Religion in the 21st century: revisiting the discussion around the post-secular society
Abstr. due: 30.06.2016
Dates: 17.11.16 — 18.11.16
Area Of Sciences: Philosophy;
Organizing comittee e-mail: firstname.lastname@example.org
Organizers: University of Aix-Marseille
чReligion in the 21st century: revisiting the discussion around the post-secular society
Although for a long time it may have seemed that the secularization of the West was inevitable and unstoppable, it now seems obvious – much to the dismay of numerous ‘enlighteners’ ” – that we have been witness, since the end of the 20th century, to a clear shift, as unexpected as it is remarkable. A new interest in religion and in questions of transcendence seems to have been reawakened in parts of society, as evidenced in political debate, sociological analyses or in philosophical reflections, calling into question the long held conviction that religion and ideas of (at least vertical) transcendence would disappear both from the West and ultimately, in the wake of globalization, throughout the world. As observed by Hartung and Schlette (2012), even in the countries that gave birth to the Enlightenment (“Kernländer der Aufklärung”), it is no longer possible “to speak of a linear and inevitable process of secularization”.
If certain aspects of this renewed interest in the religious stand out by their rather reactionary and anti-modern character (as represented, for example, by the fundamentalist Christians or Muslims in the United States and in the Arab world, respectively), other manifestations of this phenomenon are equal to the challenge posed by the complexities and the stakes of the modern world at the beginning of the 21st century. Thus, certain sociologists and philosophers, such as Jürgen Habermas or Niklas Luhmann, highlight the ethical-moral potential of religious conviction and the value of religious orientation when facing the contingence of the modern world (“Kontingenzbewältigung“). At a more fundamental level, this discussion is also concerned with the issues that arise when reason is reduced to its mere scientific, technological and economic aspects. In this sense, Thomas Rentsch defends the idea of a truly enlightened reason, which is capable of accounting for undeniable phenomena of transcendence, while Alvin Plantinga aims “to show how it can be that Christians can be justified, rationally […] not just ‘ignorant fundamentalists’ but sophisticated, aware, educated, turn-of-the millennium people who have read their Freud and Nietzsche, their Hume and Mackie” (2000).
Thus, one important source for the recent interest in new perspectives of transcendence and the religious seems to be the narrowing down of the concept of reason to its positivistic and functionalistic dimension, bringing forth an erosion of meaning, which leads to a growing need of fundamental forms of self-reassurance (“Selbstvergewisserung”) of Man that go beyond the limits of a purely instrumental reason.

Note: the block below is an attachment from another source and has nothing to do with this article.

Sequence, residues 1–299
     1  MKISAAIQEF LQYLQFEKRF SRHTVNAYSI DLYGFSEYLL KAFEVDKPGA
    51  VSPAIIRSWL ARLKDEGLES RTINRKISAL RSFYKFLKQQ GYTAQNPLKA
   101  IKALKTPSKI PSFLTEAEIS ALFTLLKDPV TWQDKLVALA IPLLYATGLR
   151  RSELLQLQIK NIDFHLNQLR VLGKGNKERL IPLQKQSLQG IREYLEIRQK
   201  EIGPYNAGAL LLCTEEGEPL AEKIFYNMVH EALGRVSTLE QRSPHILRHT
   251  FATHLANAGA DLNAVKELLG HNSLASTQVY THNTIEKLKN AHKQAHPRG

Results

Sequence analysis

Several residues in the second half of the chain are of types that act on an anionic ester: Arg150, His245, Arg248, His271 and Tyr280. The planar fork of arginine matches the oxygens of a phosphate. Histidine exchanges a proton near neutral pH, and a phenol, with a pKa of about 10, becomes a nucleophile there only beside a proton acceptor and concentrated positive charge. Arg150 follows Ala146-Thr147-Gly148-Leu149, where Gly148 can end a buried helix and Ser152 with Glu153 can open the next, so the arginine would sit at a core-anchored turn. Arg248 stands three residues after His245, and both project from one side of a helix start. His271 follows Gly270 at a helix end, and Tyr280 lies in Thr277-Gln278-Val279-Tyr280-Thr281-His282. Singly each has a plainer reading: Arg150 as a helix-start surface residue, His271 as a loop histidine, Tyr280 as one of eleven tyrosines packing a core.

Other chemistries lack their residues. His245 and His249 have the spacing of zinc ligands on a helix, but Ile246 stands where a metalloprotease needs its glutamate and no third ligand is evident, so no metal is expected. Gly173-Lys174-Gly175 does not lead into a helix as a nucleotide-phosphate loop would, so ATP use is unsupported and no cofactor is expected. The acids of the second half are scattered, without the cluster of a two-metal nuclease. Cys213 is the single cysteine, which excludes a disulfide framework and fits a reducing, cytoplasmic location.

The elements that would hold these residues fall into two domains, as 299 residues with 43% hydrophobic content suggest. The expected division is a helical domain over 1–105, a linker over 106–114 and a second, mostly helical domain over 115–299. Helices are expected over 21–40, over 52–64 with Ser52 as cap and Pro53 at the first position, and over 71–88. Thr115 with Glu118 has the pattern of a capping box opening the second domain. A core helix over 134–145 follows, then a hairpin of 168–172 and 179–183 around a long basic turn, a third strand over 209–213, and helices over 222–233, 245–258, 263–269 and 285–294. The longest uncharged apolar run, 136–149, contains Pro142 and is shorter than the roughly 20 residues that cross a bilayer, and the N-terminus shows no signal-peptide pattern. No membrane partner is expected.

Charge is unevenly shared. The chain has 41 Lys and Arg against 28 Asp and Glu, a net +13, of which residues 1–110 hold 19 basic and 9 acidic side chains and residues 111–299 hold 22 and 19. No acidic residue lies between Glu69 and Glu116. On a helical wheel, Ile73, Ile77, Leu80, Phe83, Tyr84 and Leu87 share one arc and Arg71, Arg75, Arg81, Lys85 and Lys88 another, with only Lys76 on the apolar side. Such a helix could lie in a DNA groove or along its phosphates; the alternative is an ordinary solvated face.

The new interest in religious and metaphysical issues thus cannot be understood only as a reactionary comeback of religion, in which the dichotomy between knowing and believing is reevaluated with the aim of reestablishing belief as superior to knowledge (see Nagl 2001). Particularly since the turn of the century, the comeback of religion has inspired numerous academic publications, but much of this work remains within disciplinary boundaries. The planned workshop intends to offer a forum for an interdisciplinary dialogue and intends to be a potential starting point for the development of a larger research project which aims to bring together an international team of researchers with a common interest in different aspects of the role played by religion and transcendence in modern society.
We are interested in abstracts from researchers working in the Humanities (including, but not limited to, philosophers, sociologists, psychologists and specialists in the field of religious studies). Papers could be developed around topics such as:
- The possible interpretations of the “comeback of religion” as seen from different fields of study (including the relativization of this phenomenon or even the rejection of the existence of such a phenomenon)
- The role of religion in society: has religion (or could religion) become a simple fait culturel?
- The (in)compatibility of faith and reason, religion and science in the (post)modern world
- The (in)compatibility of functionalist and hermeneutic interpretations of religion
Conference Web-Site: http://echanges.univ-amu.fr/?q=node/237
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